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Mount Abe seeks facilities proposals

BRISTOL — After putting out the word last week that it was seeking community-developed proposals for long-range planning, the Mount Abraham Unified School District received 12 responses by its March 30 deadline.
“MAUSD is developing a long-range plan to improve outcomes for students in a way that addresses the challenges of rising costs, declining student population and aging facilities,” the school board announced last Tuesday.
Strong proposals, the board said, would improve educational outcomes for all 5-Town students over the long term, be financially and legally viable, and align with the district’s values and strategic plan.
Some of the 12 responses indicated a wish to develop and submit a proposal, while others more informally communicated thoughts and ideas, MAUSD board chair Dawn Griswold told the Independent Wednesday.
The district, which serves the towns of Bristol, Lincoln, Monkton, New Haven and Starksboro, has already considered one proposal in great detail.
In December Superintendent Patrick Reen presented a two-phased plan that called for reducing the number of district elementary schools from five to two, then merging the MAUSD with the Vergennes-area Addison Northwest School District.
The school board had originally planned to vote on Reen’s proposal in January but decided after significant community pushback to delay its decision until August.
Some community-informed solutions to the district’s challenges have already been considered by the school board, according to the March 23 call for proposals, including:
•  keeping all schools open.
•  consolidating some town schools.
•  redistributing students and closing some elementary schools.
•  creating magnet schools.
•  creating public and private partnerships.
•  closing Mount Abraham Union High School and tuitioning its students out to other area high schools.
The board’s record of these and other conversations can be found online at tinyurl.com/32jvdze4.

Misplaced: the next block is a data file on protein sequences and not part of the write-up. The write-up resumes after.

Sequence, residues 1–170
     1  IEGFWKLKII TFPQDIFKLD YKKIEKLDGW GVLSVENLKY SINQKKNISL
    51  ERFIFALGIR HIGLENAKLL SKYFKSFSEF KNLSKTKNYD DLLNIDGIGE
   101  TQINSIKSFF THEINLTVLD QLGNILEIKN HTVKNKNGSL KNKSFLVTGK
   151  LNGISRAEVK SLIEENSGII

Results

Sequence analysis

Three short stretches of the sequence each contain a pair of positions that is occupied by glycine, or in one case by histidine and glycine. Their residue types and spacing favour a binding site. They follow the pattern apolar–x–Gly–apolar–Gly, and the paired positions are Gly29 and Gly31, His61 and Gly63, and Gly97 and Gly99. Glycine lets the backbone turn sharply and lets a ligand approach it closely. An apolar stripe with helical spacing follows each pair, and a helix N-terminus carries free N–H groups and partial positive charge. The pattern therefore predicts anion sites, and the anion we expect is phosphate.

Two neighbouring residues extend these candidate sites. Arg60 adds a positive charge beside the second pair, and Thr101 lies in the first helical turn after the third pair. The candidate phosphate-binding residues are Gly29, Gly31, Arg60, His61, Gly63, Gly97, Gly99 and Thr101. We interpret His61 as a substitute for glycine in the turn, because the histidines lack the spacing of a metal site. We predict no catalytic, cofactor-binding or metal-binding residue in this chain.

MAUSD administrators have gathered the financial and educational information they believe will be needed by community members developing proposals.
Business Manager Floyd Davison has created a spreadsheet that allows users to change certain data points, such as student counts, annual rates of cost increases or variables in state funding formulas, and see how those changes could affect the district’s finances in the coming years.
Starksboro resident Herb Olson submitted a detailed description of the kind of spreadsheet planning tool some MAUSD residents felt would be necessary for transparency and for ease of comparison among proposals. While the administration did not formally adopt this planning tool, Reen said at the last board meeting that Davison had reviewed it and included as much of it as possible in the district’s tool.
The board planned to hold an informational meeting April 1 to offer whatever resources it could to prospective plan developers, and to give community members working on similar types of proposals the opportunity to combine their efforts.
Formal proposals must be completed and submitted to Griswold by May 4. Only those that meet the criteria listed in the district’s call for proposals will be evaluated by the board.
Over the past few months, a number of MAUSD residents have publicly called for the district to seek out and consider community-driven solutions to the district’s challenges, rather than focusing its attention just on Reen’s proposal.
The school board began kicking around the idea of seeking formal submissions from the community in early February, after it had received a proposal from a group in Lincoln.
Meanwhile, the district is considering hiring Boston-based consulting firm District Management Group to help it navigate the next several months, and possibly to help evaluate proposals from the community. Reen said last month he was hopeful a DMG representative could join the board at its April 13 meeting.
Reach Christopher Ross at christopherr@addisonindependent.com.

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